Holyoke police chief disturbed by earlier sentencing of murder suspect

  • Jean Carlos Rivera, 30, of Holyoke, pleaded not guilty to murder in connection with the fatal shooting of city resident Jesus Otero Marrero, 21, on Tuesday. HAMPDEN COUNTY DISTRICT ATTORNEY’S OFFICE

  • GAZETTE FILE PHOTO  GAZETTE FILE PHOTO

Staff Writer
Published: 1/15/2020 5:06:38 PM
Modified: 1/15/2020 5:05:47 PM

HOLYOKE — After the recent killing of 21-year-old city resident Jesus Otero Marrero, Holyoke’s police chief is criticizing a federal judge over the sentence he previously gave to the man who is now charged with Marrero’s murder.

In an email to reporters, Police Chief Manuel “Manny” Febo said that the fatal shooting of city resident Jesus Otero Marrero “might have been prevented” if a federal judge in Springfield had sentenced Jean Carlos Rivera, 30, to a longer sentence when he pleaded guilty in November to a drug charge. On Tuesday, Rivera pleaded not guilty to murder in connection to Marrero’s killing.

In June of 2018, Rivera was indicted in federal court for distribution and possession with intent to distribute cocaine base. Febo said the police department supported federal prosecutors who argued Rivera should serve a sentence within the 33 to 41 months in prison available under federal sentencing guidelines.

“The presiding judge however sentenced Rivera, a validated ‘La Familia’ street gang member, to one month of time served and a probation term without explanation and he was soon released back into the South Holyoke neighborhood,” Febo wrote in the email. “Case investigators were stunned at the time.”

Febo described the killing as a “gang-land” slaying, noting that Otero-Marrero “had been shot multiple times at close range.” Febo did not respond to follow-up questions by email regarding his claim of Rivera’s gang member status and why Rivera is law enforcement’s primary suspect. On Tuesday, Holyoke District Court Judge William P. Hadley impounded Rivera’s entire court file for 90 days.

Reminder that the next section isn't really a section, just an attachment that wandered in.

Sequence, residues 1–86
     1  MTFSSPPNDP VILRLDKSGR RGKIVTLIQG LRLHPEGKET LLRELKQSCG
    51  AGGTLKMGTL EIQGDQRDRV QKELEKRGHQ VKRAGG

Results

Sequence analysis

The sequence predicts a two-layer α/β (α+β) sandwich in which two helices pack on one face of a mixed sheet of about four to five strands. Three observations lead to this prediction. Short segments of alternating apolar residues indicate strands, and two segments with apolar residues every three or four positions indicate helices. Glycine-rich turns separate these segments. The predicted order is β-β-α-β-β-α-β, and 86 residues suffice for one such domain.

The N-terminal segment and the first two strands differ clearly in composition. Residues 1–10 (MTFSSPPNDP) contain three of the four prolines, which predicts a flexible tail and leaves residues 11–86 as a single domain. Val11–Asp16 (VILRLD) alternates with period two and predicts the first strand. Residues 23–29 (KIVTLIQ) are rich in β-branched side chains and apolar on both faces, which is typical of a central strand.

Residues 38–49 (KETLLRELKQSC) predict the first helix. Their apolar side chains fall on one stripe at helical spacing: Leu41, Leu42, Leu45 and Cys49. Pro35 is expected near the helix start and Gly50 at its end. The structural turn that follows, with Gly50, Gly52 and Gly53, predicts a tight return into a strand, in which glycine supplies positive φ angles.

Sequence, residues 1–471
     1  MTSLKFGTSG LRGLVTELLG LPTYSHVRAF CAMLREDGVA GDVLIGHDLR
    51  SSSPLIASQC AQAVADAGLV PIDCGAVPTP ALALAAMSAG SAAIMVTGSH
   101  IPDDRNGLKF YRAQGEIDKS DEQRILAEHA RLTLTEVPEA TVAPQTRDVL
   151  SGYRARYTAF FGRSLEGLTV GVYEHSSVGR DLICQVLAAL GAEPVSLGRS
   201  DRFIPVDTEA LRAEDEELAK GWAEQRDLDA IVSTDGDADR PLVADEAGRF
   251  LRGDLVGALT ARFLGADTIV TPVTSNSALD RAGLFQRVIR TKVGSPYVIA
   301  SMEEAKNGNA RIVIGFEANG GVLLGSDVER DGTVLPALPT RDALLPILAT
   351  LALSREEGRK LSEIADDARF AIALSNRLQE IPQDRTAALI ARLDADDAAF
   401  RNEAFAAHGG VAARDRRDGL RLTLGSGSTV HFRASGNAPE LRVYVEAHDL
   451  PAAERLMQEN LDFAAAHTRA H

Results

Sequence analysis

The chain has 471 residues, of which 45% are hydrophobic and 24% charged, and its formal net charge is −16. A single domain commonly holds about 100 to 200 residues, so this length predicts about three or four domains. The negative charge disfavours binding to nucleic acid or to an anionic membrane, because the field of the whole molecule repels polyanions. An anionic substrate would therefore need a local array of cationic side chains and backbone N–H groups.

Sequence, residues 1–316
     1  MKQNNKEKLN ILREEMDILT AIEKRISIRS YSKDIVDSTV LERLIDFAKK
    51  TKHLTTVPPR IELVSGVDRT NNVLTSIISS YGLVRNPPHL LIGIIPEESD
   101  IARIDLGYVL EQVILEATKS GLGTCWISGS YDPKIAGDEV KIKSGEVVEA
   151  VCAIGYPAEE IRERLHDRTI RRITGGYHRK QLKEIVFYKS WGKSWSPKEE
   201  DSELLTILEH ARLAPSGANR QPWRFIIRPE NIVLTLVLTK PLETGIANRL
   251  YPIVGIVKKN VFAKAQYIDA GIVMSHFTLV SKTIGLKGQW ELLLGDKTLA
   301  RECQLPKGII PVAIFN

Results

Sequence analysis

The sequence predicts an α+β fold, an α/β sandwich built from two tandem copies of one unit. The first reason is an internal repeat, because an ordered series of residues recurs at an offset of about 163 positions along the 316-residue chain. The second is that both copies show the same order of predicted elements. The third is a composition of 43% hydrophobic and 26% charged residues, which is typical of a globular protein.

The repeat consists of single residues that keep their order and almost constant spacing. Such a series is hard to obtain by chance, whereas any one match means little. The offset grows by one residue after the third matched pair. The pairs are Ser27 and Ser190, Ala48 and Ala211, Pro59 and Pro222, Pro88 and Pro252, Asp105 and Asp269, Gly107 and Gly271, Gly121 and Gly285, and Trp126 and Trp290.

Judge Mark G. Mastroianni was the judge in Rivera’s drug case, though Febo did not name Mastroianni in his statement. A spokesperson for the U.S. District Court in Massachusetts said that Mastroianni and the court declined to comment on the case.  

The government’s evidence in the drug case was based on purchases that a confidential witness, or CW, reportedly made from Rivera late in 2017. That witness had pending drug charges against him in both Hampden Superior Court and Springfield District Court, and federal prosecutors told the witness that they would inform the prosecutor in those cases of his cooperation.

“The FBI paid the CW approximately $5,400 for services and expenses,” assistant U.S. attorney Todd Newhouse wrote in a discovery document in the case. “It is anticipated that he will be paid for relocation expenses and I will update the amount when it changes.”

Rivera pleaded guilty to the drug charge and on Nov. 15, 2019, Mastroianni sentenced him to time served and three years of supervised release.

“My hope is for increased Federal judicial support for our community as we continue to improve the quality of life, having invested heavily in partnering with federal, state and local law enforcement agencies to make Holyoke a safer place,” Febo said.

Dusty Christensen can be reached at dchristensen@gazettenet.com.

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